According to the latest archaeological discoveries in the area near Pyramid of Giza Khufu, about 2500 BC, a huge cedar wooden boat was built in Egypt, 43.5 meters long, capable of carrying 20 people and sailing to the far sea.
Around 2300 BC, in Mesopotamia, Sargon the Great of the Akkad Kingdom started commercial exchanges with the northern coast of the Indian subcontinent (now Pakistan) and the southern Arabian Peninsula, relying on the commercial profits of Tirmon (now Bahrain) and Magan (now Oman). Around 1750 BC, some laws on the management of commercial activities were promulgated one after another. For example, the Hammurabi Code has made detailed provisions on the relationship between ship owners and boatmen.
People found a bas-relief sculpture in 1500 BC in the Temple of Debahari Memorial (also known as the Temple of Queen Hatshepsut, opposite the Temple of Luxor on the other side), engraved with the ancient Egyptians sailing on the Red Sea and exchanging goods with other countries with the support of Queen Hatshepsut. Some items are exchanged out of diplomatic etiquette, while others, such as incense used to worship gods, are exchanged for commercial purposes.
Since then, the sea has appeared more and more in mythology. According to Sumerian theory of the origin of the universe (borrowed from Babylonian mythology in 1200 BC), the original world was a chaos, with only the vast sea (salt water) Tiamat and the sweet water deep (fresh water) Absu, who combined to give birth to gods. Human beings angered the powerful Enriel (the god who actually holds the highest power). In his anger, he dumped the sea and flooded the earth. The patron saint of the sea, Iya (known as Enqi), ordered Zusoudra, known in Babylonian mythology as Atrahasis, to build an ark and put every species into it, thus surviving. This is the earliest description of the great flood in history. The reason why the great flood appeared in myth must be due to people’s real experiences: for example, the flooding of the Tigris and Euphrates rivers, and the floods caused by winter rainfall and melting snow in Anatolia.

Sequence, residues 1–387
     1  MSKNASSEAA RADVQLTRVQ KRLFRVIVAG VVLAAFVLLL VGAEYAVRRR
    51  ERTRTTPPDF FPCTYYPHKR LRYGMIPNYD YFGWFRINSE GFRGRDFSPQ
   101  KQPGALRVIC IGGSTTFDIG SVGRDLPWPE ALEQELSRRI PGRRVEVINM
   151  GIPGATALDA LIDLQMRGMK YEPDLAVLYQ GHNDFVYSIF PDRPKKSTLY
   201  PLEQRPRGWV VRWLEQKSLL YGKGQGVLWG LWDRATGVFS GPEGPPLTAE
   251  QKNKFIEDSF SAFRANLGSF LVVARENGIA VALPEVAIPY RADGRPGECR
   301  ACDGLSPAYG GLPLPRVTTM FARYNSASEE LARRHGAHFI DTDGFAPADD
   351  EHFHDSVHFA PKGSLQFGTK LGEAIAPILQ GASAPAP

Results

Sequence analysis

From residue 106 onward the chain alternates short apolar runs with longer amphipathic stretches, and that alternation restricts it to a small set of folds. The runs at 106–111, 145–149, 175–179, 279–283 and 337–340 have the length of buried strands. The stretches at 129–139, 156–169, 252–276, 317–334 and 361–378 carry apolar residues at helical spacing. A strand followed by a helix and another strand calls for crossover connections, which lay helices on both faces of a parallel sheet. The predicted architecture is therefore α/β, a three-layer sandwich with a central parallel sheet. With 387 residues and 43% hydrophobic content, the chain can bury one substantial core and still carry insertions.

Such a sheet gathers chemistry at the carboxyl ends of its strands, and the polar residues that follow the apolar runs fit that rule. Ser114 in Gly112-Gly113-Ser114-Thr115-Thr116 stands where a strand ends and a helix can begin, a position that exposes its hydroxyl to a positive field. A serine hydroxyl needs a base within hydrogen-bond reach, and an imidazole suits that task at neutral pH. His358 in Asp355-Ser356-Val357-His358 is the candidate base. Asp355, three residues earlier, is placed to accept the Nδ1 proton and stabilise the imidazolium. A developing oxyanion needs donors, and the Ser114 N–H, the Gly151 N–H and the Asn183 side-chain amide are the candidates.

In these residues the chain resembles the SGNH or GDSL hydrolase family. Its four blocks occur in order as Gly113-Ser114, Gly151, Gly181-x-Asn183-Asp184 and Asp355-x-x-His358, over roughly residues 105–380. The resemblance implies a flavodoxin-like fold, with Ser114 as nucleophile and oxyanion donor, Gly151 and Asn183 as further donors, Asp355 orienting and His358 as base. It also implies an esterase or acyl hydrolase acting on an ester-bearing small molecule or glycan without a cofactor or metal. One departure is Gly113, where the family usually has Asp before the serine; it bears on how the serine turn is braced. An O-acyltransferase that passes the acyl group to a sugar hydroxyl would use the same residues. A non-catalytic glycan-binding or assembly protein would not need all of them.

“Sea Nation”: Phoenicians and Greeks in Asia Minor
During the same period, two new maritime forces emerged along the Mediterranean coast. The Egyptians were afraid and called the two “sea nations”.
At first, tribes of different languages and ancestry settled in easy-to-defend harbors such as Tyre, Biblus and Sidon in northern Egypt, opening ports and conducting commercial activities there. People call them Phoenicians. They set sail from the port and shipped the rare goods of that time, a purplish red natural dye, overseas for trade. This dye has a bright color, and its color comes from the common mussels along the Mediterranean coast. In this way, the Phoenicians soon became the overlord of the Mediterranean and established trade zones in many ports. They also used and promoted the earliest letters in human history, but they were not the creators of these letters.